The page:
Targeting Global Markets

 

For retailers desiring to take part in the Singles’ Day celebration, Lindsey Grossman (@ltgrossman) recommends concentrating on Chinese consumers.[7] She offers seven suggestions to help retailers get started:

 

  • Seek guidance. “Online giants like Alibaba and Tencent have access to a wealth of knowledge about Chinese consumers and share some of those customer insights publicly. Another option is to seek out groups like the Global Innovation Forum, which connects entrepreneurs with local innovators, policymakers and influencers (including logistics and financial services companies helping small businesses sell to China).”
  • Get to know your customer. “The rising middle class in China has spurred demand for high quality goods and exclusive international experiences. Statistics show that Chinese consumers buying outside of China are most interested in luxury goods and retail (clothes and jewelry), health and wellness (vitamins and baby formula) and travel.”
  • Get discovered. “Getting your product discovered in China is challenging for an overseas business. Leveraging powerful Chinese e-commerce ecosystems like Tmall, can be a relatively low-cost way to increase visibility and learn about the Chinese market. … Given the competition from large international brands who also leverage Tmall to sell their goods, smaller brands should consider working with a third-party operator to support their end-to-end operations and enhance their discoverability on the platform.”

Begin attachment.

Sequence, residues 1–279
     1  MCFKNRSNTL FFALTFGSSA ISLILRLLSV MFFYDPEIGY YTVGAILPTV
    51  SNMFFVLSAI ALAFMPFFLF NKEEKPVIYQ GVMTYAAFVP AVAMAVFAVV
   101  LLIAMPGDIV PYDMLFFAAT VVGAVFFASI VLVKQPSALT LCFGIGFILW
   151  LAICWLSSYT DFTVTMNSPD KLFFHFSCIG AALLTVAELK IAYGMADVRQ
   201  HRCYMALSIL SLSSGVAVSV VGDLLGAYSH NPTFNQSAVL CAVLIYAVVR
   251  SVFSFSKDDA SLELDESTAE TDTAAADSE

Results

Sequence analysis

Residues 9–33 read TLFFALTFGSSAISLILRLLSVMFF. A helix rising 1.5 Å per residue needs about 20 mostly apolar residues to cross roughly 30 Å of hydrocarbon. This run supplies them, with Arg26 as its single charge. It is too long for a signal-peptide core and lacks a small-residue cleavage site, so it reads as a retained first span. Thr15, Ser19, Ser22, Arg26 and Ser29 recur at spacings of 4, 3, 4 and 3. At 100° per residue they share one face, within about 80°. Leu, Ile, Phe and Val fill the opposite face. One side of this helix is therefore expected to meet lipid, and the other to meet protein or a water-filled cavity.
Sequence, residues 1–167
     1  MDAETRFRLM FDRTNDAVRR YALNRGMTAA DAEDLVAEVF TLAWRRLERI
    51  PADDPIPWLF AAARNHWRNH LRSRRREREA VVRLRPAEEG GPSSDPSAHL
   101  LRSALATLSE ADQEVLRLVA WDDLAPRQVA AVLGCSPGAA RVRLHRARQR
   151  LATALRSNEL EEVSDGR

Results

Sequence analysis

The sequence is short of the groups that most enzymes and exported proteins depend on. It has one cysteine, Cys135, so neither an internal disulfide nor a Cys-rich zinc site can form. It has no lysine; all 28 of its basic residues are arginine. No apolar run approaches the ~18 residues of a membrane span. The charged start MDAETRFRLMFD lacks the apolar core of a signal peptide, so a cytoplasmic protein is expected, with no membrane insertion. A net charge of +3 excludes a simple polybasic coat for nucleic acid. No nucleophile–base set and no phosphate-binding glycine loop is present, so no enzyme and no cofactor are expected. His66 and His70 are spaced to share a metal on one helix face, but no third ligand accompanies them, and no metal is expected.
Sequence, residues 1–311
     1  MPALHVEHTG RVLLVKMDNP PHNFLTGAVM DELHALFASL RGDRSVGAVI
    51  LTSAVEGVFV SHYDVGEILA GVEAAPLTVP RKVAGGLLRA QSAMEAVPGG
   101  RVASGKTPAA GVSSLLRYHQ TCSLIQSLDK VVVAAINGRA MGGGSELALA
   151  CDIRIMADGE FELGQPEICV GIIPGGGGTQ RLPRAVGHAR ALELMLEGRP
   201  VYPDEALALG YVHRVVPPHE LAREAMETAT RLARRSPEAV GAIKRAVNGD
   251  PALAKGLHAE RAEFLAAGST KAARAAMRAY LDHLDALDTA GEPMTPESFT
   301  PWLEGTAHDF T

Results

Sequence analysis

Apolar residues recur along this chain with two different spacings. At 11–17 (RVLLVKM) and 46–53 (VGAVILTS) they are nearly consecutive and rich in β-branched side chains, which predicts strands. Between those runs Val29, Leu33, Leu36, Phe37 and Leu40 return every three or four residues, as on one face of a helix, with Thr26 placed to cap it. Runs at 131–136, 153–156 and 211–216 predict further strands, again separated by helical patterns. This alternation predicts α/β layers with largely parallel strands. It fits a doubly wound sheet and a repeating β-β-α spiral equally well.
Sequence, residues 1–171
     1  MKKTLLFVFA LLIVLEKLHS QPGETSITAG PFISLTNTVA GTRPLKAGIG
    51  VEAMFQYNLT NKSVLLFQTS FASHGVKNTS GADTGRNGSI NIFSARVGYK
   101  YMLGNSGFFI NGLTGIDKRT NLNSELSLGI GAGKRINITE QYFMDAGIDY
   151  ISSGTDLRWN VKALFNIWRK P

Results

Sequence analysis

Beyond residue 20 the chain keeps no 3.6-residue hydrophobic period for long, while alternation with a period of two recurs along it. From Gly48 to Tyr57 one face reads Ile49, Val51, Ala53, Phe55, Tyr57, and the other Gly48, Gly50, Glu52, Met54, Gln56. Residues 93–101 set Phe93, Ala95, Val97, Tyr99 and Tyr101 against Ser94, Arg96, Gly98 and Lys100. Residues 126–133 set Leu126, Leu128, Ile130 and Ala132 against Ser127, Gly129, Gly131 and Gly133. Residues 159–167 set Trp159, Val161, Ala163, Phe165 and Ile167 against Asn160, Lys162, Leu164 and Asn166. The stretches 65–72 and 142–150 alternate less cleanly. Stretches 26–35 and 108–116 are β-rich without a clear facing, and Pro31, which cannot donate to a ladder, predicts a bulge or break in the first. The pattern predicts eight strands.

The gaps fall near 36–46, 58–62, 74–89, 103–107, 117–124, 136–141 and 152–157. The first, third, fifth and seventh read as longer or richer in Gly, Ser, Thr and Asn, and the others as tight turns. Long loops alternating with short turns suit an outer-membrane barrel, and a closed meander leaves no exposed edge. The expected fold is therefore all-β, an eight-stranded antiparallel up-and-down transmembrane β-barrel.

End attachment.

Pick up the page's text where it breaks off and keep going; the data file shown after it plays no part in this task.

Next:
• Make the checkout experience a breeze. “Offering payment methods that Chinese consumers use daily is imperative if you want Chinese customers to complete the checkout process. Alipay and WeChat Pay represent two of China’s most widely used payment methods with over a billion users between them.”
  • Use Short Message Service (SMS) alerts, especially for subscriptions. “While SaaS and subscription companies are becoming increasingly popular in China, consumers are not yet accustomed to agreeing in advance to make recurring payments for products. A best practice, especially when working with Chinese consumers, is to send an SMS reminder (or even better, a message on WeChat) before taking a recurring monthly or annual subscription payment. Chinese consumers tend to check their SMS and WeChat app more frequently than email.”